Five suspected con artists appear in court after string of 'courier fraud' cases reported
Five suspected con artists have appeared in court accused of scamming pensioners out of £200,000.
Police identified six victims in South Tyneside, Newcastle, Durham, Darlington and West Yorkshire in September 2020 who had all been contacted by fraudsters purporting to be police officers.
The complex scam known as courier fraud saw criminals convince their victims their bank accounts had been scammed and asked them to help officers investigate by supplying ‘vital evidence’ in the form of cash, valuables and bank details.
A total in excess of £200,000 was handed over to fraudsters.
The incidents were all reported to police and expert fraud officers from the North East Regional Special Operations Unit (NERSOU) soon launched an investigation.
On October 21 last year, warrants were executed at properties in London, Warwickshire and the West Midlands and four suspects, two aged 18, and two aged 25, were arrested.
Another warrant was then executed in the West Midlands in January this year and a 22-year-old man arrested.
Further enquiries then identified a second man, aged 20, believed to be involved who was then interviewed in March.
The six suspects had initially been released under investigation, and five of which have now been charged with conspiring to commit fraud by false representation after appearing at Peterlee Magistrates’ Court on July 23. They are due to appear at Teesside Crown Court on August 27.
A warrant was issued for the arrest of the sixth suspect who failed to attend the court.
Detective Constable Andy Thompson, the officer in charge of the case, said it is vital victims of fraud continue to challenge cold-callers and report anything suspicious to police.
“This is a great result for us but our work in detecting and preventing fraud is far from over,” he said.
“Sadly many people who find themselves caught up in a complex scam like courier fraud are often unaware they’ve been a victim.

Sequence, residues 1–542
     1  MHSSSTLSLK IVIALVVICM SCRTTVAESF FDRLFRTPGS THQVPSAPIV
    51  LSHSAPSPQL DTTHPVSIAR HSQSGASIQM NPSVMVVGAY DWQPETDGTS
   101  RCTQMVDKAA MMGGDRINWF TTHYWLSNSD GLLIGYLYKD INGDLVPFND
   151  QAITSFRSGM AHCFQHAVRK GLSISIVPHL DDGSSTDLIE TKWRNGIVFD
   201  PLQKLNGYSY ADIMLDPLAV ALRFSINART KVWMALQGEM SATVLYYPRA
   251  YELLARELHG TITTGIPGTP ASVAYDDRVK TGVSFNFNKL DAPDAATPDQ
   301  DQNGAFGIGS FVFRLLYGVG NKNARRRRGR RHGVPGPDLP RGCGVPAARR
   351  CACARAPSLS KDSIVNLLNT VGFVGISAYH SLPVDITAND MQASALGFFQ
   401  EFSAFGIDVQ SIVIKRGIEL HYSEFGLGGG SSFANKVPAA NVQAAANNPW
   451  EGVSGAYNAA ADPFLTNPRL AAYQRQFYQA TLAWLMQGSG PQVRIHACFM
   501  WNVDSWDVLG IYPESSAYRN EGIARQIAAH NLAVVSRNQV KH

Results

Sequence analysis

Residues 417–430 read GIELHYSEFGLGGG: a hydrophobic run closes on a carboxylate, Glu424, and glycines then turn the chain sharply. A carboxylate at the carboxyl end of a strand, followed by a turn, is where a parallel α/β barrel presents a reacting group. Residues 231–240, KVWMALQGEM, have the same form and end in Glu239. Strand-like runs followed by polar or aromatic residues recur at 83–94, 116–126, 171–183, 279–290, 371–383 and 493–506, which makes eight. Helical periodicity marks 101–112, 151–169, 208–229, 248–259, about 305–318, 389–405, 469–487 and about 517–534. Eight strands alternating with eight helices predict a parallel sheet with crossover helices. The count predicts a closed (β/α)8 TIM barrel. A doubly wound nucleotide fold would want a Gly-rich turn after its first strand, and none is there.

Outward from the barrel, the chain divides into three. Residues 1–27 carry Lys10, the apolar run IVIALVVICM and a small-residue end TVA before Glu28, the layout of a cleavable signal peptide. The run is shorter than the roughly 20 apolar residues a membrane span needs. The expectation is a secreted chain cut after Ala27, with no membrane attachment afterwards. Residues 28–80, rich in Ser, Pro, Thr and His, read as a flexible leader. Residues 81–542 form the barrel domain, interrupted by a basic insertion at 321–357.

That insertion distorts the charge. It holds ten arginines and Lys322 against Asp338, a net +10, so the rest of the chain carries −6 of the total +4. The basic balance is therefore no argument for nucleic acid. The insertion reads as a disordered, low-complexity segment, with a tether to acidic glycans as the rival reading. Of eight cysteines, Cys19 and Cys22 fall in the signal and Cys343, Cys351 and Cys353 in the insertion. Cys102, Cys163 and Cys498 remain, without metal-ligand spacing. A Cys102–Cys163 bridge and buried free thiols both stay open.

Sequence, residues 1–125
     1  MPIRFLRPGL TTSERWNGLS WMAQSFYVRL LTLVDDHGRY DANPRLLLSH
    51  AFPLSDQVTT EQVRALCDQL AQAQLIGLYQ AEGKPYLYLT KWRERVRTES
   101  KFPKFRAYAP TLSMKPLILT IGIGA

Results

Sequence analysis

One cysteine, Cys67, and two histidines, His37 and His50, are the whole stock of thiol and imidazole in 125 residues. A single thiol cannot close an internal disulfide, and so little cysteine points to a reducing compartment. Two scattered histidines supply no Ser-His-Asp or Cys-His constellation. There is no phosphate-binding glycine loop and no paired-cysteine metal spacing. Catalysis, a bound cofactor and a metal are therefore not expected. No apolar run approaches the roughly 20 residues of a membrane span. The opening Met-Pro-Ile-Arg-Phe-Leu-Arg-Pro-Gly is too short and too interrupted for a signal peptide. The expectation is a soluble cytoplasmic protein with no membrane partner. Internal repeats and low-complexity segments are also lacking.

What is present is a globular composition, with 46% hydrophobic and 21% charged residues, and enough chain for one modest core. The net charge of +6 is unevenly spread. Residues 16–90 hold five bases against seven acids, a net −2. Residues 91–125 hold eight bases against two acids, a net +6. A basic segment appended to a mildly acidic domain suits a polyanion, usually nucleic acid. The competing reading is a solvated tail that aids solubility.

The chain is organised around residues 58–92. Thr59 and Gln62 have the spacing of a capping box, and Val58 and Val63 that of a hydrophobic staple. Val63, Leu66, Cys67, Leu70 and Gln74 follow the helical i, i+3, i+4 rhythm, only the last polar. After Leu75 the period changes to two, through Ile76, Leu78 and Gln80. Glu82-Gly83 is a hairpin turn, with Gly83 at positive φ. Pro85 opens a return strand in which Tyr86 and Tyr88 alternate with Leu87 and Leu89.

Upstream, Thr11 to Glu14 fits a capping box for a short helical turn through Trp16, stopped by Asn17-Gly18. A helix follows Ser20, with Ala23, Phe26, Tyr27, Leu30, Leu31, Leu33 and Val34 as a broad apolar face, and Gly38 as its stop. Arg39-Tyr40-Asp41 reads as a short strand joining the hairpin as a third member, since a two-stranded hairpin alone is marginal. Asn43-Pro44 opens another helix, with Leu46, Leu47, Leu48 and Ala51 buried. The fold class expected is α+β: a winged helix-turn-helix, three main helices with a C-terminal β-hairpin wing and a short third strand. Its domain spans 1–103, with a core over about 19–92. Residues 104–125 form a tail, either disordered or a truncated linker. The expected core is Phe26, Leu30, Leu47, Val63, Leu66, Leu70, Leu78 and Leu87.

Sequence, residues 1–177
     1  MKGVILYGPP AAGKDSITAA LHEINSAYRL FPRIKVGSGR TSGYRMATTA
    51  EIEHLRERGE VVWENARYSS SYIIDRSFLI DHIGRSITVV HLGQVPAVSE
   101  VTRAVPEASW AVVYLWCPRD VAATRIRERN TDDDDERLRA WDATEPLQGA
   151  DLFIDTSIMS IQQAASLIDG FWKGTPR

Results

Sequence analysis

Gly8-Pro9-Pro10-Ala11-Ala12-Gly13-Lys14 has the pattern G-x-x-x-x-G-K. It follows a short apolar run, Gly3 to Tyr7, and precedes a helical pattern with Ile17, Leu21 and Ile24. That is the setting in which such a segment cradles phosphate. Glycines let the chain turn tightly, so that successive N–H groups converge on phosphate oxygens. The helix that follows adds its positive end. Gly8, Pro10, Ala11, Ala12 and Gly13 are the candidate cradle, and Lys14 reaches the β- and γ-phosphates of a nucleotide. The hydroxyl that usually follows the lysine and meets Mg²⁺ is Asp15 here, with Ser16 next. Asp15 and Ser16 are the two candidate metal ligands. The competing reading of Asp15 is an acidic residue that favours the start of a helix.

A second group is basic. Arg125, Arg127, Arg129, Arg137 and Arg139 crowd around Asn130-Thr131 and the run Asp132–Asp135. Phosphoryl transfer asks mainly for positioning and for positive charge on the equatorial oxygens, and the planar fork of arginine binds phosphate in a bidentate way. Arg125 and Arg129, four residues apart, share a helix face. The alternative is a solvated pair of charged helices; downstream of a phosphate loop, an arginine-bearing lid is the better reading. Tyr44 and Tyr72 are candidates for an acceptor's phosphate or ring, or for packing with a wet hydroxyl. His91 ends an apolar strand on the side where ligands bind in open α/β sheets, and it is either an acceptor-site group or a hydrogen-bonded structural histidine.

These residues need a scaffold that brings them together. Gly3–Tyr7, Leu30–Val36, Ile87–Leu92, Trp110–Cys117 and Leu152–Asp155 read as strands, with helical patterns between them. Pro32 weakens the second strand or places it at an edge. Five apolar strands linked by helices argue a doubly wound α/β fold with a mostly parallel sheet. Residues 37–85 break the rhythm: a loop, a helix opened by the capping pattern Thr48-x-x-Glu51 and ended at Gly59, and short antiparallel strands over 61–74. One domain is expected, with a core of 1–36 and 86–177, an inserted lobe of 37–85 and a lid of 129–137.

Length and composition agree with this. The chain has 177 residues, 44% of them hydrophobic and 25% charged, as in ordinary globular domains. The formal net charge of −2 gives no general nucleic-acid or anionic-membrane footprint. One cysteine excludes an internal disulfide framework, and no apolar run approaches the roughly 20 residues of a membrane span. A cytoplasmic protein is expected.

“We would always encourage families to keep speaking with their elderly relatives and ask if anyone has called them out of the blue, or if they have recently withdrawn money or handed over any valuables.”
He added: “Help us to reinforce the message that police officers or your bank will never ask you to hand over money, or transfer funds. If you receive a call like this, do not interact - hang up and report it immediately.”
Work to tackle fraud remains ongoing with the Detectives from Northumbria, Durham and Cleveland Police working together with the North East Regional Special Operation Unit (NERSOU) as part of Operation Sentinel.
The Operation Lead, Detective Sergeant Shaun Fordy added: “We will continue to relentlessly pursue those who seek to scam the elderly, the vulnerable and the unsuspecting. Please help us by challenging and reporting cold-callers to help us build up our intelligence picture.
“And – if this does happen to you, please do not be embarrassed to contact us and ask for help.”
Northumbria Police & Crime Commissioner Kim McGuinness added praise to the investigation, and reminded residents to be vigilant against further scam attempts.
She said: “These brazen criminals have no shame and no remorse, they will target anyone they can and take whatever is possible.
“Please do follow the advice, share with family members, and remember to report any suspected instances so that we protect other residents. It’s really important we work together to prevent this shameless crime.”
If you think you might have been a victim of courier fraud, contact police via 101 or Action Fraud by calling 0300 123 2040.